Touring the Anne Frank annex and museum was very emotional for me. I’ll share more about that in the next post, but first I’ll explain the logistics. You don’t enter the house from the original front door, but through the museum next door. However, you do enter the “secret annex” through the famous moving bookcase and use various steep stairways. You can see all the rooms the families used, including the attic. Original photos and magazine clippings of Anne are on the wall of her room. I hadn’t realized Anne used three different notebooks, as well as the original red and white checked diary; or that she also wrote separate stories and poems (in what she called “The Tales Book”), personal notes, a book of quotations, and an unfinished novel on loose sheets of paper called “The Secret Annex.” These are available to see in the museum, as are many items belonging to the Frank family — photo albums, artwork, paperwork, receipts, tickets, and other items. In addition, you can learn more about the amazing, loving people who helped the families while they were in hiding. One of the special places is the wall where the Franks kept track of Margot and Anne’s heights; it makes it all so real and sad when you see something like that.
If you go to the house, I highly recommend arranging for tickets well ahead of time. Since we travel on standby flights (and aren’t certain of reaching our destination), we didn’t purchase tickets ahead of time, but were able to get them (for later use in the week) by arriving super early one day and waiting for over an hour or two. Waiting for hours won’t guarantee you’ll get a ticket, either, of course. So plan ahead if you can.
Though we weren’t able to take photos in the annex, you can see photos online; but the best option is to walk through the entire building on their website in 3D. It’s a little difficult to navigate, but once you realize that movements are opposite of what you expect, it should work well for you as it did for me. Click here where it says “Go straight inside.”
The Anne Frank house has huge international connections. Otto Frank, Anne’s father, wanted it to become an International Youth Center, and it is. Their website says:
It would be a place for dialogue, where young people could gather; a place serving as a warning from the past, but focused on the future..Now young people from around the world gather here every summer to participate in meetings and debates. They stay in the adjacent dormitories, which the University of Amsterdam students are contractually obliged to give up for two months during the summer…
In addition to hosting youth conferences, Anne Frank House also began offering lectures and courses. This resulted in a regular series of study meetings led by Rabi Yehuda Ashkenazi that created a dialogue between Judaism and Christianity. The meetings attracted priests, ministers, rabbis and members of the public alike.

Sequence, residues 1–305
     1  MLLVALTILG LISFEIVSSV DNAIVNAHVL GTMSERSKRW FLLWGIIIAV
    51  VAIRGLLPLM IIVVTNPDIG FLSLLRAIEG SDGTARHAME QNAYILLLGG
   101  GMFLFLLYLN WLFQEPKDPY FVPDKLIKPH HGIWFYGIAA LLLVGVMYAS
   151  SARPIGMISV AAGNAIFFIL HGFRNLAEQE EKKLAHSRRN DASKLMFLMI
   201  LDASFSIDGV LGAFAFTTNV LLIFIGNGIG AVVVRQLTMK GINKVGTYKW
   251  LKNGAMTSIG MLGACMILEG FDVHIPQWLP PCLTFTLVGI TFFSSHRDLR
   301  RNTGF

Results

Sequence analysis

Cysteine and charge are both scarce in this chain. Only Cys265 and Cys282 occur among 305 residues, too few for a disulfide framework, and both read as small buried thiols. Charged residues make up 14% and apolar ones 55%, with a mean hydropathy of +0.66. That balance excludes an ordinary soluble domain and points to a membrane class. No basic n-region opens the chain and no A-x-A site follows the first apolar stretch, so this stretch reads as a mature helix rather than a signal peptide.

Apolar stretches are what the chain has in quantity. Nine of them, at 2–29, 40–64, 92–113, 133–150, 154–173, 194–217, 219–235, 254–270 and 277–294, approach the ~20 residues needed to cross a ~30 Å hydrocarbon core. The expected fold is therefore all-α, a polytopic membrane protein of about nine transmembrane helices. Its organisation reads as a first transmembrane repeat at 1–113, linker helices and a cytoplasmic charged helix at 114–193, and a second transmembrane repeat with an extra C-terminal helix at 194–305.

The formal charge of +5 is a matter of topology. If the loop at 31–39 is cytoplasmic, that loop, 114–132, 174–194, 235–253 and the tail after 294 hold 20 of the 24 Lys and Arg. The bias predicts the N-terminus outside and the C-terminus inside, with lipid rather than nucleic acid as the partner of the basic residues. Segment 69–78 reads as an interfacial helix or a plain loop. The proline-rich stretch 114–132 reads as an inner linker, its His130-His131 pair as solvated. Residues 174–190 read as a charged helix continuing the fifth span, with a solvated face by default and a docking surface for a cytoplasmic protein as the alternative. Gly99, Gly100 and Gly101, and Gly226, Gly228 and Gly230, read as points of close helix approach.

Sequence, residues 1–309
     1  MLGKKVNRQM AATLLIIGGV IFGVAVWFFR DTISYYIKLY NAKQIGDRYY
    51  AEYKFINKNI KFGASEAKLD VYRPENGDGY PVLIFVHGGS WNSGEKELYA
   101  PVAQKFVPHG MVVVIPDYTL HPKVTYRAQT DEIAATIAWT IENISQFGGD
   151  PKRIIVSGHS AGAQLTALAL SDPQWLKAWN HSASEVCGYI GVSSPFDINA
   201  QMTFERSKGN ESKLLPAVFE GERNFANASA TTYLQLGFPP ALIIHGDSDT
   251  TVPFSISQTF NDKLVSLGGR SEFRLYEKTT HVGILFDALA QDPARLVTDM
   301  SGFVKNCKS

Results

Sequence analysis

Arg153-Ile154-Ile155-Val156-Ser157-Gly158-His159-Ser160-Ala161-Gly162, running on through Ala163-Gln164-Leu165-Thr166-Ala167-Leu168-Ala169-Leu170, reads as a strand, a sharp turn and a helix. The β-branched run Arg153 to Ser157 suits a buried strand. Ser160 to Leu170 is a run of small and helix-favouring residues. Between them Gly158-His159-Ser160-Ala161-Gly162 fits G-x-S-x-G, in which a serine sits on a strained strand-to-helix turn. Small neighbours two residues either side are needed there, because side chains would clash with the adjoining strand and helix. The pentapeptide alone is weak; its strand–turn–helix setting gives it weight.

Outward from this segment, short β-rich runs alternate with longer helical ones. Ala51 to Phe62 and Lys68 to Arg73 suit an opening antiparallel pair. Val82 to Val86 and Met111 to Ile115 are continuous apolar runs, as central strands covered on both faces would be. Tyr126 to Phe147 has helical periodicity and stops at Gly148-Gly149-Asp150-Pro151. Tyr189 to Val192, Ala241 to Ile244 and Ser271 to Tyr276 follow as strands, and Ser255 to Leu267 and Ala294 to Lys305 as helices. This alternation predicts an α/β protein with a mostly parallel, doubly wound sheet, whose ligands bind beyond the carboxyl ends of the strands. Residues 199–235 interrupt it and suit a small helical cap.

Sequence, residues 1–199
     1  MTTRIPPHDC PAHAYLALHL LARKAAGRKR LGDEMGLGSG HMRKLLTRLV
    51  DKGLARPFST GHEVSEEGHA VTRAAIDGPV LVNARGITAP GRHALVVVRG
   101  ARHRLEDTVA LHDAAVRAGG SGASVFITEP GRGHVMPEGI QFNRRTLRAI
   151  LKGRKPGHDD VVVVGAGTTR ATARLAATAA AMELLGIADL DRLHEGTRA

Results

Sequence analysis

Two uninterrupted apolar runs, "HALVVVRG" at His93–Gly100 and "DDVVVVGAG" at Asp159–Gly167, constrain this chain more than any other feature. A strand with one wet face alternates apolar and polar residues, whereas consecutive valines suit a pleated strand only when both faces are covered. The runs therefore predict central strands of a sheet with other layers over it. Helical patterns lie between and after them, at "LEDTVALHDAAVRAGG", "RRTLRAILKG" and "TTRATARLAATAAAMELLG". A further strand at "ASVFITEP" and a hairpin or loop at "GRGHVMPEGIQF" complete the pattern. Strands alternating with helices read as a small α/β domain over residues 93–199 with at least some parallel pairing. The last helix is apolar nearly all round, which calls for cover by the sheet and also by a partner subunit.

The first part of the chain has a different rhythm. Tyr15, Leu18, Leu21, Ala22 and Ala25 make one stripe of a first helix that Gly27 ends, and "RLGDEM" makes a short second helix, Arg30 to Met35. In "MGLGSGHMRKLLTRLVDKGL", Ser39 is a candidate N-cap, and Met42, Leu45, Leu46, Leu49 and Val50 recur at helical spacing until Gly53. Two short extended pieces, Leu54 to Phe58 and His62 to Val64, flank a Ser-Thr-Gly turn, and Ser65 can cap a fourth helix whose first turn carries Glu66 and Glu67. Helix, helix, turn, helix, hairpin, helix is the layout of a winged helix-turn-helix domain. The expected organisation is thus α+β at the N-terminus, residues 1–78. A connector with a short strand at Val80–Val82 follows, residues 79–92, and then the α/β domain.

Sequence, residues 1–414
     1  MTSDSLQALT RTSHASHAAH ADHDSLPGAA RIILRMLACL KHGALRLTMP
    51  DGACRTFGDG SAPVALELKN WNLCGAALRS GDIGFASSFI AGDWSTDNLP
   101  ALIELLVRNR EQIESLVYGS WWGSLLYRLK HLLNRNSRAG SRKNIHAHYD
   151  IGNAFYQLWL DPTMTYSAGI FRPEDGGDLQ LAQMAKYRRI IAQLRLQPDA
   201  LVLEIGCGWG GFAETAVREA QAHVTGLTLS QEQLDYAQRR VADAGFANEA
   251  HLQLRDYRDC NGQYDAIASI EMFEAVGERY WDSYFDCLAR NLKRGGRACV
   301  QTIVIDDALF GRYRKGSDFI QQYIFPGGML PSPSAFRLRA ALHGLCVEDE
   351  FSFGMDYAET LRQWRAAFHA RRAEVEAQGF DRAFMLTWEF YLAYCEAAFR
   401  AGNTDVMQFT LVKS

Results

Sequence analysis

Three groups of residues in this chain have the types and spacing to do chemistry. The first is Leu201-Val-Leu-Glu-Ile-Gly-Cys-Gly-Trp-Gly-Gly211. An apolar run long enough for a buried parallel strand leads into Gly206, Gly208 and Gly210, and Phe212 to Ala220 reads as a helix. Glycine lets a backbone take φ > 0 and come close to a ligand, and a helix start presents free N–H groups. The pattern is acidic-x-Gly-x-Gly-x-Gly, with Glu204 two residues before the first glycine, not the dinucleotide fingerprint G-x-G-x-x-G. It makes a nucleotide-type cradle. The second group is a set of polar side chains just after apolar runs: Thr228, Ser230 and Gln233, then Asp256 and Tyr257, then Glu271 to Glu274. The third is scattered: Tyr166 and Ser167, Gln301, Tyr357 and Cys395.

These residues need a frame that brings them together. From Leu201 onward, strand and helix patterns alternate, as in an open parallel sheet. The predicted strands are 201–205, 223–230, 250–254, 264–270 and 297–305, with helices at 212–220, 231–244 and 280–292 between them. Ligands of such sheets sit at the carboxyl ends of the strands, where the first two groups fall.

It was at this time that Anne Frank House also began hosting cultural evenings showcasing literature, poetry and classical music, which where primarily held downstairs at Prinsengracht 265. Those who performed at these musical evenings were usually students from the Conservatory of Music in Amsterdam.
In addition, the family lived at an apartment at Merwedeplein 37 in Amsterdam before going into hiding, and this apartment is also owned and used by the Anne Frank House. I found this quote from their website to be very interesting:
The Anne Frank House is the new owner of Anne Frank’s former home on the Merwedeplein square in Amsterdam. Its purpose remains the same: the apartment offers accommodation to writers from around the world who cannot work freely in their own countries. The Frank family lived in the apartment at Merwedeplein 37 II from December 1933 until July 1942. Anne first wrote in her diary, which she was given for her thirteenth birthday on 12 June 1942, in the apartment. Three weeks later the family went into hiding. [November 16, 2017]
I highly encourage you to visit the Anne Frank House if given the opportunity. Allow plenty of time to view all the rooms, exhibits, films and gift shop. There are many books available to purchase that tell more of the story of Anne Frank and her friends and family.
This video is excellent too; it doesn’t show all the rooms that the above 3D experience shows, but it’s really good.